State Ag Directors Want NAFTA Fixes

As President Donald Trump gets set to renegotiate the North American Free Trade Agreement, U.S. state directors of agriculture are weighing in on which parts of the agreement they’d like to see fixed. Politico’s Morning Agriculture Report says the National Association of State Departments of Agriculture is a big booster of increasing trade opportunities and favors deals like NAFTA. However, they’re urging the new president to address what they call a series of unfair practices.

The state ag leaders have issues with how Canada classifies all U.S. wheat imports as feed-grade, which is the lowest classification possible. They also don’t like a recent move by Ottawa officials to implement new cheese standards that make it much more difficult to get U.S. cheese imports into the province. They’re also unhappy that a recent glut of Mexican fruits and vegetables into America are driving down prices for U.S. producers.

Texas Ag Commissioner Sid Miller spoke at a recent winter policy conference for state ag directors, saying,” We know NAFTA is probably going to be renegotiated, and we want to be at the table when that happens.”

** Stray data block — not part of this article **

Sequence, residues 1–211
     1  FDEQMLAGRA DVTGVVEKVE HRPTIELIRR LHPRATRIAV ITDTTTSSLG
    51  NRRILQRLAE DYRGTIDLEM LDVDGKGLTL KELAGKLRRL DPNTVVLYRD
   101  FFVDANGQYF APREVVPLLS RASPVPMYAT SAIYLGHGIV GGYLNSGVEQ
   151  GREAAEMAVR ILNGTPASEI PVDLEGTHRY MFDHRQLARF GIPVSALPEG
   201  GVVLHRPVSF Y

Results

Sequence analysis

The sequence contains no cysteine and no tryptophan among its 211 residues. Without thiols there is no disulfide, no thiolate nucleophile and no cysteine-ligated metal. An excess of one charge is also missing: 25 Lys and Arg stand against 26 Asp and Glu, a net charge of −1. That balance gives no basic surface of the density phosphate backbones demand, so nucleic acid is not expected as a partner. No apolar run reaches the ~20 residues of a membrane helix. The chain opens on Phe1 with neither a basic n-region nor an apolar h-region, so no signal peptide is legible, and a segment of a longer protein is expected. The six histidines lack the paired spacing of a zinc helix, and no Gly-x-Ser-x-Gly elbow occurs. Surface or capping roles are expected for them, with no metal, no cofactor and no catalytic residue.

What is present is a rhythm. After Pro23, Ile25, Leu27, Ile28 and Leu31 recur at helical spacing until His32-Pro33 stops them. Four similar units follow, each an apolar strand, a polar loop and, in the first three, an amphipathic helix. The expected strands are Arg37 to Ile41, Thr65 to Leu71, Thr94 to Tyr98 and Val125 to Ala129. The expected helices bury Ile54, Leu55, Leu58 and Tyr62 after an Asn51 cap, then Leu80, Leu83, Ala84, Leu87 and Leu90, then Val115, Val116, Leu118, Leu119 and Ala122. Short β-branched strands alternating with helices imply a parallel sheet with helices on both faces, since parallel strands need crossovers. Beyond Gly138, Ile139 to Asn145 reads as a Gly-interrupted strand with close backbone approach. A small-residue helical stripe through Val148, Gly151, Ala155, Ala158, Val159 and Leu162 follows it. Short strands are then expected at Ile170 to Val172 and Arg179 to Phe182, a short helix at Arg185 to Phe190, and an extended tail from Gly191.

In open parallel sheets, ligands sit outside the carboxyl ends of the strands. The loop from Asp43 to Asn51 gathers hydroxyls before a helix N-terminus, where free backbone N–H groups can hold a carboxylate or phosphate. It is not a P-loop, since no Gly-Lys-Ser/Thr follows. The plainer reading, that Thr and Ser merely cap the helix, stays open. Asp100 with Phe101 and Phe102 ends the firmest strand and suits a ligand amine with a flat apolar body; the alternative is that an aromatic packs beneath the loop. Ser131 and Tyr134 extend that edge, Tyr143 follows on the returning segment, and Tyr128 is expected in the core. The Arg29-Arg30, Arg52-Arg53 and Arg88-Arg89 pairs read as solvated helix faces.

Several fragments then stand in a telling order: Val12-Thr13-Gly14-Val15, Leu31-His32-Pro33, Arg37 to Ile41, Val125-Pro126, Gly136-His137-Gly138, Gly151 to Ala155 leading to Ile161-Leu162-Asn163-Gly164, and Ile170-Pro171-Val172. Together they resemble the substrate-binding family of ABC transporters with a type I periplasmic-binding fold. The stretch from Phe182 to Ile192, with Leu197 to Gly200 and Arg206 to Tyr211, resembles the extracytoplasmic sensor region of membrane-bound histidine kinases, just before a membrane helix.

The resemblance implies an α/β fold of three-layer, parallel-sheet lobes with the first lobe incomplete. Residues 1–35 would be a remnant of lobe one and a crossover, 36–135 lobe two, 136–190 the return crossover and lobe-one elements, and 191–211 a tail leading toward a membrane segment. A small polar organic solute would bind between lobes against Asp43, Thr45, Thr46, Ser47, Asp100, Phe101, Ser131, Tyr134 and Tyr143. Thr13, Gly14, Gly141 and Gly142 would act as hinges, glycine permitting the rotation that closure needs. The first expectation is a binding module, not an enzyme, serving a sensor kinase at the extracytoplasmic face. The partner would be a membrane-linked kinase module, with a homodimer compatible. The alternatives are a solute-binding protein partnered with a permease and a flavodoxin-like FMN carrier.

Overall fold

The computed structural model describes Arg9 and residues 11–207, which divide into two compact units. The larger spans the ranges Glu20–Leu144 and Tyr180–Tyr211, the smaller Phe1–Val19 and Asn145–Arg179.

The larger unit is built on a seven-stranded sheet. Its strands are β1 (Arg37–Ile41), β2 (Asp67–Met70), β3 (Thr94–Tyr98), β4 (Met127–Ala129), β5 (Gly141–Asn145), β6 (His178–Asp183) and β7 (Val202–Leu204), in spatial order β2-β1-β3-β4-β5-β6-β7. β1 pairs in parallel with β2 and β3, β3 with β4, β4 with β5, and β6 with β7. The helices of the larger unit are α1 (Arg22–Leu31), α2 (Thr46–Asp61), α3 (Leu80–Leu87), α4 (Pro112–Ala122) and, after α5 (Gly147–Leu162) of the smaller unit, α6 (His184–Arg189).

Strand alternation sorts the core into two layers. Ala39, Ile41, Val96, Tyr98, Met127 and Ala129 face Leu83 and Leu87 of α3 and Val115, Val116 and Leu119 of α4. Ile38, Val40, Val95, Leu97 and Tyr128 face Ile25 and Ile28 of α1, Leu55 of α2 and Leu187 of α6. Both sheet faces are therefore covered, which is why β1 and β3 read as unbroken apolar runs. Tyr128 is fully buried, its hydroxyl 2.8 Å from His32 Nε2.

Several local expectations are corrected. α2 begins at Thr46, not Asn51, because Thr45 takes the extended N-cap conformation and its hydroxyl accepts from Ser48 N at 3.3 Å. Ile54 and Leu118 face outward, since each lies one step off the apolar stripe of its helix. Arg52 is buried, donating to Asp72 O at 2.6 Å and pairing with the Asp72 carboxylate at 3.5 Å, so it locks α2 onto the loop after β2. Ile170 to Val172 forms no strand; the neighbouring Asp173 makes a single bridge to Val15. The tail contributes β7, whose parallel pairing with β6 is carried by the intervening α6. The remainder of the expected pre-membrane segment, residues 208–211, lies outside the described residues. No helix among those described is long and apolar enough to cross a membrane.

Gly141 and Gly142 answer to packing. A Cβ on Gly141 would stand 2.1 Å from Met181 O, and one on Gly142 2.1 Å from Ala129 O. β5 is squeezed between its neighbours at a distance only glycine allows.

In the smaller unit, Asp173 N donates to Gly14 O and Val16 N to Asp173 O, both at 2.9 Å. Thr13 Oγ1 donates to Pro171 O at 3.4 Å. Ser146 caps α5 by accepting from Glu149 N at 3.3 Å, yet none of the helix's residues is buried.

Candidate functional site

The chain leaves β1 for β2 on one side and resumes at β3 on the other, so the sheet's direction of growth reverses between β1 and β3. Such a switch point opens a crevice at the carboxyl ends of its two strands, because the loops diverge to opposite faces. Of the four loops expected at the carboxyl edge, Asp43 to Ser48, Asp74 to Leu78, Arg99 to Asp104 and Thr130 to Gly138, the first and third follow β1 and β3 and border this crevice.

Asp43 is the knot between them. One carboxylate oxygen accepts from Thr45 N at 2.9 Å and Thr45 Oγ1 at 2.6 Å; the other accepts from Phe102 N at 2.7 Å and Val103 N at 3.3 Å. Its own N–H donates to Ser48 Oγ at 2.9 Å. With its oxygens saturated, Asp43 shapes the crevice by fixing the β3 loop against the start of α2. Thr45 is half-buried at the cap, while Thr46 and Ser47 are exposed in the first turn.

Cargill Chief: NAFTA in “Good Place”

As Cargill Chair and CEO David MacLennan looks at the North American Free Trade Agreement, pulling out of the deal would have a “chilling effect on the already depressed agricultural economy.” He says new trade deals must fill the hole left by the Trump Administration’s move to exit the Trans-Pacific Partnership. He adds that it makes “no sense for Congress to try to ratify bilateral trade deals with multiple countries instead of ratifying one giant trade deal.”

MacLennan was in Washington this week to testify before Congress, saying there’s not a lot that Cargill wants to change in the North American Free Trade deal. He believes agricultural markets would have an extremely negative reaction if Trump should exit the deal. “I think it’s in a pretty good place right now,” MacLennan added.

Trump has vowed to ditch NAFTA if it can’t be renegotiated to be more of a benefit to U.S. interests. A move like this would also create major economic shock in Canada as well as Mexico. After consulting with many business interests in their country, Mexican officials told Reuters they expect negotiations on redoing NAFTA to begin sometime in May.

Source;  NAFB News